The book first appeared five years after Keating had been called to the Bar, and helped to found his large and varied practice in building and civil engineering disputes in Britain and abroad; it also led to the establishment of the leading set of construction chambers which now bears his name. It was published at a time when little serious scholarship had been devoted to the subject. Its success led to a reprint the following year and to successive editions in 1963, 1969 and, after a great personal struggle following the death of his first wife, in 1978. The fifth and sixth editions of the book were produced after his retirement, in 1992 and 1995, under the editorship of Mr Justice May, a former member of Keating Chambers, with Keating as consultant editor.
Keating on Building Contracts broke new ground in more than scholarship. Keating himself always regarded the subject as tied firmly to its common- law roots and eschewed ideas of construction-specific principles. Yet from the outset he appreciated the pivotal role of the standard forms of contract as equivalent to private legal codes. The first edition of his book thus included the first systematic legal commentary on what was then known as the RIBA Form of Contract.
Many others followed his lead, but none of the many published works now available can match Keating's terse but invariably apt style. He preferred the pregnant footnote to the argumentative text. When the fifth edition of the book appeared Keating took some pleasure in a pithy article in the Construction Law Yearbook dissenting from May's text, which had respectfully departed from the fourth edition on the vital subject of quantum meruit.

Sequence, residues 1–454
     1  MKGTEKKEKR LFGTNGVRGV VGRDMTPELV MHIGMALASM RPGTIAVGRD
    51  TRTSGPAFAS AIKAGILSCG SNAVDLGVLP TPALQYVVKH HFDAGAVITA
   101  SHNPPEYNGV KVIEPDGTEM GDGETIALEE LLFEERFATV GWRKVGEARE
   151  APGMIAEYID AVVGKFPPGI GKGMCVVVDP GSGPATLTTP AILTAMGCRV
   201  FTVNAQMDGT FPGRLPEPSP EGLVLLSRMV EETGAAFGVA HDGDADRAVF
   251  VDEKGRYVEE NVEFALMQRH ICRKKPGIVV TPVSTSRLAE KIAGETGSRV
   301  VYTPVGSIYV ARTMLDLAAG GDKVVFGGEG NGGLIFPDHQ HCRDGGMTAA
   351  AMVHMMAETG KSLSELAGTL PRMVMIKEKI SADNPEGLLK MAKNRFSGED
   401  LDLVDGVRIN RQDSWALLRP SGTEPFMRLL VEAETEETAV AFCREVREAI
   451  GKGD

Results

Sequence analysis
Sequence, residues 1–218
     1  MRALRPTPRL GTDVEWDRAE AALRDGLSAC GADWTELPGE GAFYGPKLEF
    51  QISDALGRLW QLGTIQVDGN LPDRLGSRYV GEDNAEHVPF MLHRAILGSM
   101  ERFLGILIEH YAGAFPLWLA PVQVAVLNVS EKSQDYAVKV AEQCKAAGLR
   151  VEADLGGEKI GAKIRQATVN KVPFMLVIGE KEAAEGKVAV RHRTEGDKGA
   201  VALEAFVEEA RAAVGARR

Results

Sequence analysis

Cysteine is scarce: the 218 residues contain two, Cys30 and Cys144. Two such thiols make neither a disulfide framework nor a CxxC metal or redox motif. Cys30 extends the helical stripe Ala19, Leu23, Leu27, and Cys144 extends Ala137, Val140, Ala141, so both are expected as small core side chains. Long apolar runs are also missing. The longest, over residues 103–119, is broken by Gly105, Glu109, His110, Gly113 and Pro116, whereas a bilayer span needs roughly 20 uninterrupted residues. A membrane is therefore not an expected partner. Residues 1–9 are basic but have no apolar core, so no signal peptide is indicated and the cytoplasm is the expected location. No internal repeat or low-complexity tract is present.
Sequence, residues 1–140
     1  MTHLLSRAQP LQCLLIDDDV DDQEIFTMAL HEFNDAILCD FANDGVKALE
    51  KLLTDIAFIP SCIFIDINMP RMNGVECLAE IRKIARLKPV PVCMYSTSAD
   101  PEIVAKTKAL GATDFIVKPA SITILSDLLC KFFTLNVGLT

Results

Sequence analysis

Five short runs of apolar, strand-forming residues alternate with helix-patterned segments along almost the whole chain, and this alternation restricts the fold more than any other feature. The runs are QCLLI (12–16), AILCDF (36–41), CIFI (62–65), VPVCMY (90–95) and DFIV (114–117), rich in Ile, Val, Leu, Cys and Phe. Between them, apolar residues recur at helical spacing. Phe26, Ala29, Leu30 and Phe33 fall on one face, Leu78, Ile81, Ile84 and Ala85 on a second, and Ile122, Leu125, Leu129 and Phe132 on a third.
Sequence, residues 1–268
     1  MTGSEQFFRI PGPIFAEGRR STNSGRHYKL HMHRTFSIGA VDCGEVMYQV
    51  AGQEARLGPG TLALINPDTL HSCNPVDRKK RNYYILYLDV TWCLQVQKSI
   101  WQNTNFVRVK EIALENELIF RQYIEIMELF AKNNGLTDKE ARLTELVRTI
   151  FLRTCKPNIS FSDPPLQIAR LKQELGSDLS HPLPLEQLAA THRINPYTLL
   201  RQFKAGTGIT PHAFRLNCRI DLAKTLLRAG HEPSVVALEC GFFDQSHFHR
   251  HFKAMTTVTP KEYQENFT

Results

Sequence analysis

As an advocate Keating had an unerring instinct for identifying and pursuing tenaciously those points which could win the case. He would not cut corners but was the master of the tactical concession, which ensured a case was fought on the ground he chose. In the course of his appellate practice he invented the written submission, then often handwritten, now universally required by the judges.
Keating was a brilliant lawyer and would have made an outstanding judge. The course of his career was probably determined by the inexplicable rejection of four applications for silk. He was finally appointed Queen's Counsel in 1972, too late for appointment to the bench, but three of his juniors in the Chambers he established have now been appointed to the High Court. Keating was made a Recorder of the Crown Court in 1972 and enjoyed equally sitting on criminal cases and on Official Referee's business.
Before being called to the Bar Keating read History at King's College London, specialising in the British Empire, which remained a lifelong interest, and served with the Royal Air Force during the Second World War. He maintained a deep interest in politics as well as journalism and the arts, making him a vivacious companion and fierce debater. He loved well- structured argument.
Donald Keating was a devoted family man. After the death of his first wife Betty in 1975, he married Rosamond Blundell-Jones, a barrister who became a stipendiary magistrate. He continued in vigorous full-time practice as an advocate and arbitrator up to his death.
Donald Norman Keating, lawyer: born 24 June 1924; called to the Bar, Lincoln's Inn 1950, Bencher 1979; QC 1972; a Recorder 1972-87, 1993-95; member, DTI study team on Professional Liability 1988-89; Head of Chambers, Keating Chambers 1976-92; married 1945 Betty Wells (died 1975; two sons, one daughter), 1978 Kay Blundell-Jones (one son; and one stepdaughter deceased); died 1 August 1995.Reuse content